Zeichner says he's seen patients try out all kinds of new skin care while self-isolating. I am not one of those people, though; I've been sticking to my normal skin-care routine. Sure, everything else in my routine has changed: I'm indoors way more often and I'm not sleeping as well. Still, it seems to have come from nowhere.

Kate Somerville, aesthetician and founder of Kate Somerville Skin Care, says she sees this a lot in her Los Angeles clinic. "Very often, we see clients with perioral dermatitis," she says. "We see this with a variety of clients with different skin tones and ages." She treats the condition with a soothing facial to decrease inflammation and redness, as well as LED light therapy. But Somerville agrees that it's really about prevention and decreasing flare-ups. She recommends skipping exfoliation when PD starts, using tepid water while cleansing the skin with a gentle cleanser (Allure editors love StriVectin Comforting Cream Cleanser), and avoiding product regimens that contain fragrance and dyes.

Renée Rouleau, aesthetician and founder of Renée Rouleau Skin Care, gives me similar advice. Rouleau has only seen skin-care changes and prescription medication help diminish perioral dermatitis. "I have not found any other lifestyle changes work for PD," she says. "It's basically to remove any potential topical irritants, such as products with active ingredients." She recommends "really basic" products, such as a gentle, sulfate-free cleanser and a simple moisturizer (Allure editors also love Dr. Jart+ Cicapair Tiger Grass Calming Gel Cream).

Dermatologists agree. "You need a prescription when the rash isn't going away and keeps coming back and you don't know why," says Rabach. She likes to do an allergy patch test in her office to see if she can isolate what could be causing it.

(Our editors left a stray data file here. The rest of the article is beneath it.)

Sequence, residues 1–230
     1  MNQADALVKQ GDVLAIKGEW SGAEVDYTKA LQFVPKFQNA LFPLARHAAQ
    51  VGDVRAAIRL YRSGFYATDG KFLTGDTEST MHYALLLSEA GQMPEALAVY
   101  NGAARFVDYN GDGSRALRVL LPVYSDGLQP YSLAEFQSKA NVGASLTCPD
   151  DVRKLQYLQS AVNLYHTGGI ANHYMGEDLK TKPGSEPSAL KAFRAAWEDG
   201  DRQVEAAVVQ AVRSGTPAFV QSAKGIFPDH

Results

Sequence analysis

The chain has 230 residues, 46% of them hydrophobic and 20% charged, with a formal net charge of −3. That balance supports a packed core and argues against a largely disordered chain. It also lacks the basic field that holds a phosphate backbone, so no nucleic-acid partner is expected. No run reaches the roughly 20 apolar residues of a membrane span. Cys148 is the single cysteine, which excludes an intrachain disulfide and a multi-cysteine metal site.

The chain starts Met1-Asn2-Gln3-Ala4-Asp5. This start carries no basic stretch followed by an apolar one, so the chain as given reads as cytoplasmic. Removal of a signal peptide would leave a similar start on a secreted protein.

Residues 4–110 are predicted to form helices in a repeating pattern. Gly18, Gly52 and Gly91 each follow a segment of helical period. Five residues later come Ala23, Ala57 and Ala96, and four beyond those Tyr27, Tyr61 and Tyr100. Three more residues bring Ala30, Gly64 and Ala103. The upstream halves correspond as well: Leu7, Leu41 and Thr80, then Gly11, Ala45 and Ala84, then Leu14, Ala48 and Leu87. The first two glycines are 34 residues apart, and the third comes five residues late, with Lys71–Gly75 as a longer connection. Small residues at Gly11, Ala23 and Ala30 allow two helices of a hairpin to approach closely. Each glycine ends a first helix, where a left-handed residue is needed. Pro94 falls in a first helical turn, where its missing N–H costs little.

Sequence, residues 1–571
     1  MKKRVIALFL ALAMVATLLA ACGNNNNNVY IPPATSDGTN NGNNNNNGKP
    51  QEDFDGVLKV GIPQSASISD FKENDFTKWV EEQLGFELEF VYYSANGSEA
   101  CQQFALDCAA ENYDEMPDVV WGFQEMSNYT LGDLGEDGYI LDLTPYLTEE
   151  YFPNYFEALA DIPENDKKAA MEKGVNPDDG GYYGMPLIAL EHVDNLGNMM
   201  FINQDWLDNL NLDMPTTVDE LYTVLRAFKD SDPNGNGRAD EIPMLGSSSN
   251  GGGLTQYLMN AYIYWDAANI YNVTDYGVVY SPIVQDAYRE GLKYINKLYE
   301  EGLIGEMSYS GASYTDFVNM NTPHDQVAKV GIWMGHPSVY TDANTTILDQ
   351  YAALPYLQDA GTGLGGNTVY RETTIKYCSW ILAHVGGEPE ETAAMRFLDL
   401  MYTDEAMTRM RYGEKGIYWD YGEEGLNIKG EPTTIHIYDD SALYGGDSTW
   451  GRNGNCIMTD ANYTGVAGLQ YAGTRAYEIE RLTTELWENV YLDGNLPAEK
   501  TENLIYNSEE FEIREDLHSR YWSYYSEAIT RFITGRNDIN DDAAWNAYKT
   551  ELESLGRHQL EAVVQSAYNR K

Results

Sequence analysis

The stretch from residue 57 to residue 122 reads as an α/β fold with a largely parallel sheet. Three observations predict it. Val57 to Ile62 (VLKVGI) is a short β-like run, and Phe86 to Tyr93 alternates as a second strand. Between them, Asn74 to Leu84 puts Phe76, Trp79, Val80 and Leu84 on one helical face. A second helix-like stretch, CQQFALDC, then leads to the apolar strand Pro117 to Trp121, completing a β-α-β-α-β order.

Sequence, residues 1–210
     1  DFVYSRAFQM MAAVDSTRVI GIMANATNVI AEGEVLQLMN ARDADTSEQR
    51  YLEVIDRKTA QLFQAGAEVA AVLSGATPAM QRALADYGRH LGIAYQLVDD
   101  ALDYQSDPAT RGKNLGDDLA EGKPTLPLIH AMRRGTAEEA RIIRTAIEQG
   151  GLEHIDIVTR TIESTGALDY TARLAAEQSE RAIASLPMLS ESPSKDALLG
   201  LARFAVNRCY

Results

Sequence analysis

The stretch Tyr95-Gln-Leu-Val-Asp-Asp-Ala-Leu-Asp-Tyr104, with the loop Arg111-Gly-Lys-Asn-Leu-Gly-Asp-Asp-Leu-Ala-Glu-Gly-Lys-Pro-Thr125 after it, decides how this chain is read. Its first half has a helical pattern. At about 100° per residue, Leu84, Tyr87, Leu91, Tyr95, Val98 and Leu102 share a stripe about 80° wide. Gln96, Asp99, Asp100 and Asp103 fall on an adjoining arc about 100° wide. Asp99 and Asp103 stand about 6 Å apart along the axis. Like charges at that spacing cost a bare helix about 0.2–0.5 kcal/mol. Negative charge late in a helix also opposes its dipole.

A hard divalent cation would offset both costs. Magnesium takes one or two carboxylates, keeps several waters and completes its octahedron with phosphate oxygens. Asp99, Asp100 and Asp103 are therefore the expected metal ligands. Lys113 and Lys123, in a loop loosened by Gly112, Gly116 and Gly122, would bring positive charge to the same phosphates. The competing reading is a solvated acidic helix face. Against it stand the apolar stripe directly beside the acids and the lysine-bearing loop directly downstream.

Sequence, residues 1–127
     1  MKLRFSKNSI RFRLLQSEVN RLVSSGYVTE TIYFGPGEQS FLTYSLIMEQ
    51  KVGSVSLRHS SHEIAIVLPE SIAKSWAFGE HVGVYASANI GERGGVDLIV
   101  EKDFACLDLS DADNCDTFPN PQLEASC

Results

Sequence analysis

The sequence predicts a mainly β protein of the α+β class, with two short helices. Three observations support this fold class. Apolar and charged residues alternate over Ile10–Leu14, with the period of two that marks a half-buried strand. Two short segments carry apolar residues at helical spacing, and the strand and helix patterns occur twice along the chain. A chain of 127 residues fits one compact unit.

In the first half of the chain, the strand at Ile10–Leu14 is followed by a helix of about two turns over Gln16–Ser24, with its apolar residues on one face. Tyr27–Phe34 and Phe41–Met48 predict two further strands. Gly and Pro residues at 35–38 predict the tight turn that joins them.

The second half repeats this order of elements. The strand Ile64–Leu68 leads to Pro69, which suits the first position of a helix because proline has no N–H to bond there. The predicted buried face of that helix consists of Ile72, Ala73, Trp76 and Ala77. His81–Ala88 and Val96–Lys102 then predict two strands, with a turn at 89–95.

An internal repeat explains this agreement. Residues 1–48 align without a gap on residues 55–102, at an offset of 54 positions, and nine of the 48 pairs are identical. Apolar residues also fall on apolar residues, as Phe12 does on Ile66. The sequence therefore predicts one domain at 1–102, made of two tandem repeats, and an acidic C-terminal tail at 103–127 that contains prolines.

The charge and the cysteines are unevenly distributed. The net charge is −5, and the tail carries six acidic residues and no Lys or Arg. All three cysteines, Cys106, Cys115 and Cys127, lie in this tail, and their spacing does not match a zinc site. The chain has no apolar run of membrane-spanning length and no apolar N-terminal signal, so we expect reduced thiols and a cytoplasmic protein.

All this considered, less is absolutely more when it comes to PD. I put down all my acids and vitamin C serums and retinoids and switched to a gentle, fragrance-free routine. The rash around my mouth calmed down in terms of being dry and itchy, but it was still there. I needed a bit more intervention with a prescription, it seemed.

If changing up your skin-care routine and avoiding irritations and allergens don't work (like in my case), a topical antibiotic might do the trick. Zeichner likes prescriptions such as Metrogel and Soolantra if over-the-counter treatments don't take care of the problem in two to four weeks. Oral antibiotics are also sometimes given for their anti-inflammatory properties, says Rabach. These medications work at decreasing redness and swelling and are used for rosacea as well.

In the meantime, I started checking the ingredients in my skin care more. I've noticed products with fragrance, especially products that aren't rinsed off, such as night creams, make my PD worse. I'm also trying to take better care of myself in general, especially considering Los Angeles has extended stay-at-home orders. That means eating real meals (popcorn doesn't count), getting some physically distanced fresh air, and going to bed earlier.

We don't always realize how stress affects our body until there's an issue that needs to be fixed. I ended up getting a Metrogel prescription and watched my skin start to heal within a week. Hopefully, with a little care and some medical intervention, my skin might even flourish after all.